Kabaddi, chadukudu, hadudu, bhavatik, hu-tu-tu, chedugudu — call it what you may, it has been a sport played across the country for ages now. A combat sport that needed just some empty space, tested strength, agility, speed and skills and played up the perpetual underdog story — one against many — in a sporting set-up. And yet, it remained a childhood past-time that never broke into the national consciousness as a glamour sport. From Punjab and Haryana to Tamil Nadu, Karnataka, Bengal and Maharashtra, kabaddi is one sport that can actually rival cricket for pan-India status.

“Kabbadi has a deep-rooted connect with India’s tradition. This traditional sport still remains true to its inherent character built around community participation. Anything rooted has immense potential. This league is an outstanding example of this belief,” says Patna Pirates CEO Pawan Rana. It makes sense, and given that fact that his team has won twice in four seasons, Rana’s faith has been repaid.

Players of Patna Pirates celebrate after winning the 2016 edition of the PKL. “Kabbadi has a deep-rooted connect with India’s tradition. This traditional sport still remains true to its inherent character built around community participation,” Pirates CEO Pawan Rana says.   -  K. V. S. Giri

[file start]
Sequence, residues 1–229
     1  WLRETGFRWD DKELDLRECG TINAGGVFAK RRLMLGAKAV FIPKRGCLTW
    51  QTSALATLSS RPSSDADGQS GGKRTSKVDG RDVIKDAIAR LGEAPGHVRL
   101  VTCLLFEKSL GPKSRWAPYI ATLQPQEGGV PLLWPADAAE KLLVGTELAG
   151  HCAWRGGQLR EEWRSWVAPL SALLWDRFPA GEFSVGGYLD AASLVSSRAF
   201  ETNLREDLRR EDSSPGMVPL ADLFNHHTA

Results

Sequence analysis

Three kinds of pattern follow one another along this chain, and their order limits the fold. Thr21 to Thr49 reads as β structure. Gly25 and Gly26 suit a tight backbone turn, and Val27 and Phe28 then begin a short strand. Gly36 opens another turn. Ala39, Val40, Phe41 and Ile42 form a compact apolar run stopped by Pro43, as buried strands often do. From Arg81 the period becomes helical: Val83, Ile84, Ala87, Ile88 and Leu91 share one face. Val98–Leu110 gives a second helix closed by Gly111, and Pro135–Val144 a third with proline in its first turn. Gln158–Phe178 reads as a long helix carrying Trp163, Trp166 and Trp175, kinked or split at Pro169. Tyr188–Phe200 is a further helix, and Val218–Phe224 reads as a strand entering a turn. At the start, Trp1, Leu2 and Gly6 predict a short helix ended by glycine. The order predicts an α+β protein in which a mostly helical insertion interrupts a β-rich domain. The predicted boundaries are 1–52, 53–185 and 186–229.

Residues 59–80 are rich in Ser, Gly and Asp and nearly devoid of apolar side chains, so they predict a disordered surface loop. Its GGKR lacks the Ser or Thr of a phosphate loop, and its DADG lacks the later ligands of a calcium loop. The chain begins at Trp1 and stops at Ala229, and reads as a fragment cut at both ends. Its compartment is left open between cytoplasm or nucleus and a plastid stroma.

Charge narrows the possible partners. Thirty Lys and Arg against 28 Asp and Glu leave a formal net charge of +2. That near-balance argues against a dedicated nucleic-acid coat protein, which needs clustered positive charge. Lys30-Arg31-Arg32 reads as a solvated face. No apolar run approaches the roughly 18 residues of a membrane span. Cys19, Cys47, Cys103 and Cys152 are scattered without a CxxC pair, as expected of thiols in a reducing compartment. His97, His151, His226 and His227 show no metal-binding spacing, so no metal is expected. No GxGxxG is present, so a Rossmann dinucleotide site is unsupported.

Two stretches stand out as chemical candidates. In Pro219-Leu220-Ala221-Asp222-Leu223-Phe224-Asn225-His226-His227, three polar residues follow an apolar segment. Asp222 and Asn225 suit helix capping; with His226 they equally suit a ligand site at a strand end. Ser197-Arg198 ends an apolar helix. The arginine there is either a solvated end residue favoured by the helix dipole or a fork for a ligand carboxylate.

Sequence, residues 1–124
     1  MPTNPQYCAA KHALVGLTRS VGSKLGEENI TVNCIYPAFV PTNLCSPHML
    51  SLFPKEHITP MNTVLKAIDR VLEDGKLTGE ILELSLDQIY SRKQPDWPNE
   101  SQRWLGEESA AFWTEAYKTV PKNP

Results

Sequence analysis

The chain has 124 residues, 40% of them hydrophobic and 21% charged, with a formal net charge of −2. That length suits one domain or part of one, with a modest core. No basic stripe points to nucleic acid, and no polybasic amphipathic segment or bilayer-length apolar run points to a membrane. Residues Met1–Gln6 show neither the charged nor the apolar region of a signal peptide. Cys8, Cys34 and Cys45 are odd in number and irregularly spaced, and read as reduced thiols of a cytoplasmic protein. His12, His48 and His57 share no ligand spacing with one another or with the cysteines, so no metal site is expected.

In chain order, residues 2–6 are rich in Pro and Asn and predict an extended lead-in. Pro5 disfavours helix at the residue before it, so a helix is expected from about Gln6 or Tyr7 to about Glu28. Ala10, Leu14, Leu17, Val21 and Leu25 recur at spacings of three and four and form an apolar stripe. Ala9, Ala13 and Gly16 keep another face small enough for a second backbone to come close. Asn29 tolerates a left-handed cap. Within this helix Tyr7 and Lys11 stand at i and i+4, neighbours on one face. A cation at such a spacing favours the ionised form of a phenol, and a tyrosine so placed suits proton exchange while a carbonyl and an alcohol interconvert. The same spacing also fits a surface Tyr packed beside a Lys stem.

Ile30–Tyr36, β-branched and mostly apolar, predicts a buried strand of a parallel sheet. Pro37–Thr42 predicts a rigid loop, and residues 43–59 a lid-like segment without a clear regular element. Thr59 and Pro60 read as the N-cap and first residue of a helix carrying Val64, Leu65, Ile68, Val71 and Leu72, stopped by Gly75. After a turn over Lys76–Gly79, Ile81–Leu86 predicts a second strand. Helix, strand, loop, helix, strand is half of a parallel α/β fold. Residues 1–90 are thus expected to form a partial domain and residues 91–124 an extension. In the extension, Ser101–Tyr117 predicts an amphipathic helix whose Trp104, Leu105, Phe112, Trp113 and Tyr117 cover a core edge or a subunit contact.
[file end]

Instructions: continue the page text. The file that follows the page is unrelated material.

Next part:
When it first appeared on the scene, there was predictable cynicism around its success. No one knew what to expect and how Mashaal Sports, the promoters of the league with Anand Mahindra as one of its partners, would push a rural sport into the urban discourse. There were no stars — the biggest names, in fact, were the eight owners that included the likes of UTV’s Ronnie Screwvala and Abhishek Bachchan. The highest bid went up to Rs 12.90 lakh for Hooda and even that felt too high to everyone, including the players who had not expected that much.

This year, the league expanded to 12 teams. Those joining include the Adani Group, Sachin Tendulkar and JSW Sports, arguably one of the most professional corporate sports set-up in India. The highest bid was for a little-known Navy-man, Nitin Tomar, who lives in the outskirts of Delhi. Tomar triggered a bidding war that settled in UP Yodhha’s favour for a whopping 93 lakhs! Hooda, meanwhile, raked in a cool 73.6 lakhs at the auctions.

Increasing foreign flavour

It isn’t only the Indians who have benefited. South Korean Jang Kun Lee was retained by Bengal Warriors ahead of its Indian players for 80.30 lakhs at the Season Five auctions. While the Iranians, in the absence of Pakistan, remained among the most wanted, there were players from as far as Nigeria and Kenya. Twenty-seven were picked, including players from Nepal and Bangladesh.